By Bob Druckman
South Huntsville Neighbors
Scott McLain, JD, CCIM, CRE, CIPS, is a fixture in the Huntsville business community. Besides his affiliation with Cold well Banker Commercial, as Managing Broker, he is well known for his service to the Huntsville community, working to make it a better place. His commercial real estate projects have contributed mightily to Huntsville’s growth. Scott is truly a model for all entrepreneurs.
I had the opportunity to sit down with Scott recently for a wide ranging interview.
How did you decide to get into commercial real estate?
My dad, Gene McLain was a real estate lawyer. I also graduated law school and became a real estate lawyer. I found that I was drawn to the entrepreneurial side of real estate, so on Oct 31st 1984 I Fed-Exed my resignation to the law firm I worked for. Haven’t looked back since.
In commercial real estate you wake up every day unemployed and have to figure out how to make money. That’s true of most entrepreneurs. It reminds me of the old Ed Sullivan Show where the there was an act with someone spinning plates on a stick. I have to work on many deals and keep up with every deal. Each deal is different, with different players and knowing who is doing what. Really need a high level of organization.
What challenges did you face? How did you overcome them?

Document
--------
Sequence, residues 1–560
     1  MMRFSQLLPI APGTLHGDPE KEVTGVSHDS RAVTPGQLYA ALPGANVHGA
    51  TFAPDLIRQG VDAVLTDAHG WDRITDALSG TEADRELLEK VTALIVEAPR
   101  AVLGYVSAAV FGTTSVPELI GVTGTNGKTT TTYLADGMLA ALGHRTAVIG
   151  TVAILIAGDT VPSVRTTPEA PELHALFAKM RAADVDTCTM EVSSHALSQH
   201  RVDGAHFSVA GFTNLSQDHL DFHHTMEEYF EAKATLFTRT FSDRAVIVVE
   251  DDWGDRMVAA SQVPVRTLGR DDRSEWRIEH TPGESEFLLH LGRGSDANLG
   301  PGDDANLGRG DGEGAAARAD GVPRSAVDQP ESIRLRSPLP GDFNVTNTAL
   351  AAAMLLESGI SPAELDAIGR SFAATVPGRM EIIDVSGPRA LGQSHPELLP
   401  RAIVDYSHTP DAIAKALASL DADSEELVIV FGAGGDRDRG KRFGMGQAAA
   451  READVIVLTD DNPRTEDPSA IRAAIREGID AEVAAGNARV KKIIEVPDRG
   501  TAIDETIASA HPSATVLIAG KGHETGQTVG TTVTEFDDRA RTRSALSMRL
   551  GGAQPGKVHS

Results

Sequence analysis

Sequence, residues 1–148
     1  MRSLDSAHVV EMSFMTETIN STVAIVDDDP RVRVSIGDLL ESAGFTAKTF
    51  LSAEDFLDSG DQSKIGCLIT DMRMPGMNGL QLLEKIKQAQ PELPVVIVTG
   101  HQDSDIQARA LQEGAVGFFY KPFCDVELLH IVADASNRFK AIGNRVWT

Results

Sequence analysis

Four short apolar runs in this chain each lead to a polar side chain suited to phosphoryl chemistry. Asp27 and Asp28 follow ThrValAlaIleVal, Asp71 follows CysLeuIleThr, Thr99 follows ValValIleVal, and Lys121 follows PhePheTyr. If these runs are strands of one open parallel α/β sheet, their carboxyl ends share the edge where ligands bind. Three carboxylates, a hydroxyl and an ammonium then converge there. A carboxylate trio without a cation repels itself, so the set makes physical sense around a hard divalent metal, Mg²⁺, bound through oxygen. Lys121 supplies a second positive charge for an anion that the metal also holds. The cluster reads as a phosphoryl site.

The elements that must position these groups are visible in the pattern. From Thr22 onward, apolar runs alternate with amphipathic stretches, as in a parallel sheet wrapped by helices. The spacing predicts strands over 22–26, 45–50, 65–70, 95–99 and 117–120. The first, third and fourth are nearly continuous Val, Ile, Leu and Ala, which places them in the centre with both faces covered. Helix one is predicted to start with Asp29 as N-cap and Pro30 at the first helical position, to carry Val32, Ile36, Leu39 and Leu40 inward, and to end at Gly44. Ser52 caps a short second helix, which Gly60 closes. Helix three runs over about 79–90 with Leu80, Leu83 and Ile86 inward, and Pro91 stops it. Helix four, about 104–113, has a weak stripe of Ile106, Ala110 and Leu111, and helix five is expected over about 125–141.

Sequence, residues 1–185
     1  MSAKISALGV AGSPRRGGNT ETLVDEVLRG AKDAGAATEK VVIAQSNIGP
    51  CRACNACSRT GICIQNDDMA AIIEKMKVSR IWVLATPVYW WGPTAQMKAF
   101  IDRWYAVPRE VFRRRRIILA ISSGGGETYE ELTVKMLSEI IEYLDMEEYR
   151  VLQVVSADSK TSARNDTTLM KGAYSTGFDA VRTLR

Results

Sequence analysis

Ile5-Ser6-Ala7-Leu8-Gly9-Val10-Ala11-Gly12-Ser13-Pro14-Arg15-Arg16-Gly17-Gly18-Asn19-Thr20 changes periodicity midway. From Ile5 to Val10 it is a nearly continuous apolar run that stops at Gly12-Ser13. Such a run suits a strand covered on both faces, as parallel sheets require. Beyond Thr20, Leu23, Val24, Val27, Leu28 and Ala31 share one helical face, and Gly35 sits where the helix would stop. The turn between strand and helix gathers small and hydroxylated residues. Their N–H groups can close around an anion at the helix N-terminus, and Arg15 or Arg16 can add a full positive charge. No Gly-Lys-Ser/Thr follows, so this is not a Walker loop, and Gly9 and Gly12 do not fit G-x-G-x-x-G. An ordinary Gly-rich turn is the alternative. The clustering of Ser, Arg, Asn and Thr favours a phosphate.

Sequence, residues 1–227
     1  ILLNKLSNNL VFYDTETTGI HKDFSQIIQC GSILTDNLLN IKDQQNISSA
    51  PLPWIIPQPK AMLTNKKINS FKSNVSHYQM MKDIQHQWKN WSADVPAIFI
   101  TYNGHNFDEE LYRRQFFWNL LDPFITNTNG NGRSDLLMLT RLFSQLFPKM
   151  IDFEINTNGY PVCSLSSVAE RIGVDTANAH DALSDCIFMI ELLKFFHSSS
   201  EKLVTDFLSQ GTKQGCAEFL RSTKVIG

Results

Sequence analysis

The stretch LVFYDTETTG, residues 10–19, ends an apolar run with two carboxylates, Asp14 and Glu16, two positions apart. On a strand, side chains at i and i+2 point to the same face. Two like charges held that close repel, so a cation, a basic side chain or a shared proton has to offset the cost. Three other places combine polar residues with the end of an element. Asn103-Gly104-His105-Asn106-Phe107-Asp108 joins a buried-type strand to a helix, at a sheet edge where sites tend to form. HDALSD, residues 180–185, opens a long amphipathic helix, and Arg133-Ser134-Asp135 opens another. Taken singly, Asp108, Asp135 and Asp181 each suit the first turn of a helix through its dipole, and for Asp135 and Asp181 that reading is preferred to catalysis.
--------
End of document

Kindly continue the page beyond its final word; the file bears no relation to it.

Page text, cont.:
The first thing is to challenge yourself and realize that there are no safety nets, no security of a paycheck every 2 weeks. You have to rely on your own self initiative, creativity, and persistence. You really can’t give up. We tend to build walls around ourselves and we are the only people who control those brick walls and how to break them down.
There is a cyclical nature to this business. It’s not recession proof as evidenced by the recession of 2008-2009 and the sequestration of 2013. I often refer to it as the 6 year recession. Commercial real estate is based on optimism and growth. We were able to overcome those challenges with a lot of hard work and understanding what Huntsville has to offer.
The other thing about commercial real estate is deals can take 9-16 months or more with no assurance of getting paid. Once we are at the closing table, shake hands and leave with a folder then we know that the deal is done.
It’s easy to say but staying focused, keeping the energy level high and creating a new reality when things get tough are the keys to overcoming challenges.
What would you say has been the development project you enjoyed the most? Why?
There have been 2 or 3 projects that I have enjoyed the most. One was actually a volunteer opportunity. I was the Board Chair of the Huntsville Museum of Art when they decided to expand. We envisioned a new museum located in the park. In working with Urban Planning and the City Council we decided that the Museum should stay where it is and be the centerpiece of Big Spring Park. Now we have skating, a great pizza restaurant and a place to relax all with the museum as an anchor.
Another pet project was the Mall at Fountain. It needed to be redeveloped and with people going in that direction, we felt it would be a great power center. Now it houses Home Depot and Costco and the outparcels around it